When it comes to values, workplace leadership sets the tone. Results of a survey published in Orthopedics show that 83% of female orthopedic surgery program directors believe that parenting as a doctor doesn’t impair work quality, while 53% of male program directors perceive that parenthood does impair work quality. Get a sense of supervising physicians’ views about parenthood before you accept a job offer.

Embracing the Positives

There’s no shortage of judgment bestowed on parents who are physicians, and you will undoubtedly be subject to harsh finger-wagging. A research article in the Journal of Psychology describes feelings of shame and guilt as part of the parenting experience. The study showed that parents exposed to prompts promoting self-compassion were more likely to feel compassion toward themselves.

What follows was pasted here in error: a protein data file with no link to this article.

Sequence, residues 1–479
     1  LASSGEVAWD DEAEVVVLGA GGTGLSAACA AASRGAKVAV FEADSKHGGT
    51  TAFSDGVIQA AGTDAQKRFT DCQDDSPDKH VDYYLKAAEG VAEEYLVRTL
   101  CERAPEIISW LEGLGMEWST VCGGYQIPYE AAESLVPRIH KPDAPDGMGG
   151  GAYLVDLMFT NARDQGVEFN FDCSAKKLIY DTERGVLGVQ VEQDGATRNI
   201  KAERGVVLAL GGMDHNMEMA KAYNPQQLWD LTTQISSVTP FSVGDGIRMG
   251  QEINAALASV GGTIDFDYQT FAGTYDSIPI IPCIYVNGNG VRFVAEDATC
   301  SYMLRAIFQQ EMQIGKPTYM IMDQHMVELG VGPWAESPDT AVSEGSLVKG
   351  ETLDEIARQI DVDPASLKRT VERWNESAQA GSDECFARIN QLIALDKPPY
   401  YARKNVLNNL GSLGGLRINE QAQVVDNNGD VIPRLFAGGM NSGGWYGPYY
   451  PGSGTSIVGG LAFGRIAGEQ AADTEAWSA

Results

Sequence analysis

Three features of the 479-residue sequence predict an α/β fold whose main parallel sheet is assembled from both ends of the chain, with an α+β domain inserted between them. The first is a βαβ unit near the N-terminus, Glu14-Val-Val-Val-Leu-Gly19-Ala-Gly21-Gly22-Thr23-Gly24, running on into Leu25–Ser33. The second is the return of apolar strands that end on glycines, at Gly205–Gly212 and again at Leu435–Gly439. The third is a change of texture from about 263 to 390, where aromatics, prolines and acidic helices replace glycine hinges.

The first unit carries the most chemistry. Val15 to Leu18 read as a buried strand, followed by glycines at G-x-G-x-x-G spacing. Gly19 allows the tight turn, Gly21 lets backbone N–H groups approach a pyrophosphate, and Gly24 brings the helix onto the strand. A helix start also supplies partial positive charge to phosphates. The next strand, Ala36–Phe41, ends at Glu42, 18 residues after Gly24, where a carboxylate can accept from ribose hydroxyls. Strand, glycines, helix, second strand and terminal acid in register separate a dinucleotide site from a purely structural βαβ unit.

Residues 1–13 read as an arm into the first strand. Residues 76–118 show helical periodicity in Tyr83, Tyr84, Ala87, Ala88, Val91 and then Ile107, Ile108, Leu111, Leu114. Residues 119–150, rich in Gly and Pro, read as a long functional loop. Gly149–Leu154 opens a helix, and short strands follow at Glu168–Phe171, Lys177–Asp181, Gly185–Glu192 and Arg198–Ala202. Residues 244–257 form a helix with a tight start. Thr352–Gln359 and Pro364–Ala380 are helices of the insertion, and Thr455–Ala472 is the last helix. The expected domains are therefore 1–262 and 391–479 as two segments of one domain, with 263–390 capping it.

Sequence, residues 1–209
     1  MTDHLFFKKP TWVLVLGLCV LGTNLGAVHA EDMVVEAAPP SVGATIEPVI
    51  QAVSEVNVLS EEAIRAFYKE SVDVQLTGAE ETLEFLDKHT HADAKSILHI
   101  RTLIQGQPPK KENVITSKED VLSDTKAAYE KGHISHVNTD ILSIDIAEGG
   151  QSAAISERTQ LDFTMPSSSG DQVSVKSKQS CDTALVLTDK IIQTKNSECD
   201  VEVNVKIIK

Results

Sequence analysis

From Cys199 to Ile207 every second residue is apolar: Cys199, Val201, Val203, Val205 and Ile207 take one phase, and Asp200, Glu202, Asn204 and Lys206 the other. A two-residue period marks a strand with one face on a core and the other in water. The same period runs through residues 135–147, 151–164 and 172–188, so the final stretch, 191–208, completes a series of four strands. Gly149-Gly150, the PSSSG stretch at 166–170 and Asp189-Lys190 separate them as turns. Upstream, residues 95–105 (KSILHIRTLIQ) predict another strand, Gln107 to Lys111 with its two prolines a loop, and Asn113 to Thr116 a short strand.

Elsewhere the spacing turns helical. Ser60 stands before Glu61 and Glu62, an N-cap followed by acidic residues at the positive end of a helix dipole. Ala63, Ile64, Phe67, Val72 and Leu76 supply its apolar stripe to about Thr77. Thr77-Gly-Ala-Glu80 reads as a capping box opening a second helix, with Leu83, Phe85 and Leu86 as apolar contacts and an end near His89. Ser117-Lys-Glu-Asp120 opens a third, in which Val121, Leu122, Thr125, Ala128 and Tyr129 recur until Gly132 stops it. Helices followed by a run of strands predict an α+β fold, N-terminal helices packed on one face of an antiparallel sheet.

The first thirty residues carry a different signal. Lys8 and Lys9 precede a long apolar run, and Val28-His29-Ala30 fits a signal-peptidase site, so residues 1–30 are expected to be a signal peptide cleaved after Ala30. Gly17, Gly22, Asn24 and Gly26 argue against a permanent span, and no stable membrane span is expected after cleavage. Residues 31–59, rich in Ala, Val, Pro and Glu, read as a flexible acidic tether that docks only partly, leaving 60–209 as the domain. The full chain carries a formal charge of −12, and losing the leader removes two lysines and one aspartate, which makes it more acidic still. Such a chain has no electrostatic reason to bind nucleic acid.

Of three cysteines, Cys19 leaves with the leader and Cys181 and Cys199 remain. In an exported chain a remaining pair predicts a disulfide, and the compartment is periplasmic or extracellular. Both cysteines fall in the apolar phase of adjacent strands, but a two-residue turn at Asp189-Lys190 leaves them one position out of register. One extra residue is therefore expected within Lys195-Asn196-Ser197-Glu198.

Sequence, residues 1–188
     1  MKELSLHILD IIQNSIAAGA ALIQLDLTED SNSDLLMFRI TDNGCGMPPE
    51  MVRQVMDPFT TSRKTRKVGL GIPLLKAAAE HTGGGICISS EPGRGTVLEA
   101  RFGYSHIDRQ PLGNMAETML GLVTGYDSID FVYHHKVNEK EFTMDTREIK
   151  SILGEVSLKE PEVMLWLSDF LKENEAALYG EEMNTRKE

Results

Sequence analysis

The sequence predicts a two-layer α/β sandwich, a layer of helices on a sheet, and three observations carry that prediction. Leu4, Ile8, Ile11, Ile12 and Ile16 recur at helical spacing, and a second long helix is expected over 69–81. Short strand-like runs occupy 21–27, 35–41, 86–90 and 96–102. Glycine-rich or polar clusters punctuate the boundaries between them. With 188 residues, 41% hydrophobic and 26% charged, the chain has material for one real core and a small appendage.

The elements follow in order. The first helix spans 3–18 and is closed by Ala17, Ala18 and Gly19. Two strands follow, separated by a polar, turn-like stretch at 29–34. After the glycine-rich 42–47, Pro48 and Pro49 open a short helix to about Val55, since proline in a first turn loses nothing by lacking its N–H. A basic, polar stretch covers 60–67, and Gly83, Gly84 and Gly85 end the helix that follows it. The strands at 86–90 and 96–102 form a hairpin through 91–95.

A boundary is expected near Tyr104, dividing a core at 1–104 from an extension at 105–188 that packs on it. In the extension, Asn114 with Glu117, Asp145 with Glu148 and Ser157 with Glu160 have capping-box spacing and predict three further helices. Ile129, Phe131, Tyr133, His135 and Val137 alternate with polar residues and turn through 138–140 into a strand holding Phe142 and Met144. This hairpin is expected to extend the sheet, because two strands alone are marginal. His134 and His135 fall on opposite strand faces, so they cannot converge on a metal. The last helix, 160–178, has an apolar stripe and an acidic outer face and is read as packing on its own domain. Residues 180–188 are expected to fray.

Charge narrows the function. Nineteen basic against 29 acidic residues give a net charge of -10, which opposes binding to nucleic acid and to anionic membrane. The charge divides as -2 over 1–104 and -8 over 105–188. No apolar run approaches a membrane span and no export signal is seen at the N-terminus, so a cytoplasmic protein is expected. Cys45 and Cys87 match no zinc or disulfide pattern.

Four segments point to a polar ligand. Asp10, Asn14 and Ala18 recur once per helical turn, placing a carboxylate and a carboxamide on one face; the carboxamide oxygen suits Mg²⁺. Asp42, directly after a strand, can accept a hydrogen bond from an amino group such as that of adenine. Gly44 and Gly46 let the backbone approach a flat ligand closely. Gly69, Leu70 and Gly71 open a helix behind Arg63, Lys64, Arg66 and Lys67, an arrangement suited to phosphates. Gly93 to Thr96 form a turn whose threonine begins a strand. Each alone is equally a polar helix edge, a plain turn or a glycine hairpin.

Self-Compassion

As a physician parent, you may be criticized for any variety of things, such as your children’s clothes, school district, birthday party goody bags and your kids’ absolutely normal inability to sit still. Hopefully, you will also be fortunate enough to receive kindness and wisdom from a few treasured pearls as you parent. I am still grateful for my daughter’s preschool teacher, who gently reassured me years ago that it was perfectly fine that my toddler insisted on wearing the same outfit every day. Try to surround yourself with people who have the insight and self-assurance to be a positive force, and do your best to ignore those who entertain themselves by “grading” others.